Black Walnut (Juglans nigra)

Black Walnut (Juglans nigra)

View More Images Below

Common Name(s): Black Walnut

Scientific Name: Juglans nigra

Distribution: Eastern United States

Tree Size: 100-120 ft (30-37 m) tall, 2-3 ft (.6-1 m) trunk diameter

Average Dried Weight: 38 lbs/ft3 (610 kg/m3)

Specific Gravity (Basic, 12% MC): .51, .61

Janka Hardness: 1,010 lbf (4,490 N)

Modulus of Rupture: 14,600 lbf/in2 (100.7 MPa)

Elastic Modulus: 1,680,000 lbf/in2 (11.59 GPa)

Crushing Strength: 7,580 lbf/in2 (52.3 MPa)

Shrinkage: Radial: 5.5%, Tangential: 7.8%, Volumetric: 12.8%, T/R Ratio: 1.4

Color/Appearance: Heartwood can range from a lighter pale brown to a dark chocolate brown with darker brown streaks. Color can sometimes have a grey, purple, or reddish cast. Sapwood is pale yellow-gray to nearly white. Figured grain patterns such as curl, crotch, and burl are also seen.

Grain/Texture: Grain is usually straight, but can be irregular. Has a medium texture and moderate natural luster.

Endgrain: Semi-ring-porous; large earlywood pores grading to medium latewood pores, few; solitary and radial multiples of 2-3; tyloses occasionally to abundantly present; growth rings distinct; medium rays barely visible without lens, normal spacing; parenchyma diffuse-in-aggregates (sometimes very faint and barely visible even with lens) and banded (marginal).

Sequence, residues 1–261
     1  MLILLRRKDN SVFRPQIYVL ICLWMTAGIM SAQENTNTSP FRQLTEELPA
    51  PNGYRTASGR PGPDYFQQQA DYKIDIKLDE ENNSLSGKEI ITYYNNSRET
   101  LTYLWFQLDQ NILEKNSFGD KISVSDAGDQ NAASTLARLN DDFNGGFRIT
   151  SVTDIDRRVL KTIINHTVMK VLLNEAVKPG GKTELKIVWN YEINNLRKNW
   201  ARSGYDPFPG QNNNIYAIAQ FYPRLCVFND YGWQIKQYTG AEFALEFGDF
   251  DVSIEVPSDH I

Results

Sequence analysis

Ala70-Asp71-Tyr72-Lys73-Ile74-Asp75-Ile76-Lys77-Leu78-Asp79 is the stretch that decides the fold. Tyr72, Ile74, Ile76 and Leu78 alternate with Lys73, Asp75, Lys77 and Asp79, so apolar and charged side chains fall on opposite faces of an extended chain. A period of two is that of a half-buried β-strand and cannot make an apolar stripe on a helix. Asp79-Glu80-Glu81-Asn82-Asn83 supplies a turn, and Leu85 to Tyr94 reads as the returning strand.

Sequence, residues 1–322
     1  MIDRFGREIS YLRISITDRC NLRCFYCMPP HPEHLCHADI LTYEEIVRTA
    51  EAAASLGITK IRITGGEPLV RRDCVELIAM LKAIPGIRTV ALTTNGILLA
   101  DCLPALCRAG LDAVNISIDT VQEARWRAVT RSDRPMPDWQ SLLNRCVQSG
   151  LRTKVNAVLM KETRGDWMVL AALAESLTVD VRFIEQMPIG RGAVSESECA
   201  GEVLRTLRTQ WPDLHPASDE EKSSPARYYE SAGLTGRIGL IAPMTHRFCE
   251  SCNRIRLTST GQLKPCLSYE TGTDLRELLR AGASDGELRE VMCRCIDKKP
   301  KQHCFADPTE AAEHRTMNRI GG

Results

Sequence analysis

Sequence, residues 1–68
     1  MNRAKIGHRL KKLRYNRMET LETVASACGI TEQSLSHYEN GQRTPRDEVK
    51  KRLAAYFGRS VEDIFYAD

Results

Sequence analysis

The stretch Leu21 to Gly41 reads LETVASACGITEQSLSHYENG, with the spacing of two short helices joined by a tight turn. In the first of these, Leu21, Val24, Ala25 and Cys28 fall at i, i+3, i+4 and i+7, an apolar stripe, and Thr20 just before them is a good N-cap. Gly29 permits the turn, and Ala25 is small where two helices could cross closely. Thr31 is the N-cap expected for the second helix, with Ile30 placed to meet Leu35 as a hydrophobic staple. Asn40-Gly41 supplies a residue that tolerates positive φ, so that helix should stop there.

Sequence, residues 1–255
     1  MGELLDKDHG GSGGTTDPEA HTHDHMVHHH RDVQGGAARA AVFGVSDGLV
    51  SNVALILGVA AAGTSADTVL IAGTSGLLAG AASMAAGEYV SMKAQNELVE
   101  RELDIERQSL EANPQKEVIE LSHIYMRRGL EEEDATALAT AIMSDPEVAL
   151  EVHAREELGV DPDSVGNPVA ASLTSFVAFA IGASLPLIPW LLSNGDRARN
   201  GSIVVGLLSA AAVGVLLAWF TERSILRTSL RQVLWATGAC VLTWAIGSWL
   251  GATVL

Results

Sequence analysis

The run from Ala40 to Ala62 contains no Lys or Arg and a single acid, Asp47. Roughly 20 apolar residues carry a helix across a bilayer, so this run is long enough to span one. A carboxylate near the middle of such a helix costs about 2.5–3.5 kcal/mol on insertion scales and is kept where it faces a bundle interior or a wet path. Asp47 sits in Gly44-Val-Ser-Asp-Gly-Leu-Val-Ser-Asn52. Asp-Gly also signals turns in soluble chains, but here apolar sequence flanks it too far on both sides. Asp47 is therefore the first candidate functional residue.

Rot Resistance: Black Walnut is rated as very durable in terms of decay resistance, though it is susceptible to insect attack.

Workability: Typically easy to work provided the grain is straight and regular. Planer tearout can sometimes be a problem when surfacing pieces with irregular or figured grain. Glues, stains, and finishes well, (though walnut is rarely stained). Responds well to steam bending.

Odor: Black Walnut has a faint, mild odor when being worked.

Allergies/Toxicity: Although severe reactions are quite uncommon, Black Walnut has been reported as a sensitizer. Usually most common reactions simply include eye and skin irritation. See the articles Wood Allergies and Toxicity and Wood Dust Safety for more information.

Pricing/Availability: Very popular and widely available, though board widths can sometimes be narrow. Considered a premium domestic hardwood, prices are in the high range for a domestic species.

Sustainability: This wood species is not listed in the CITES Appendices or on the IUCN Red List of Threatened Species.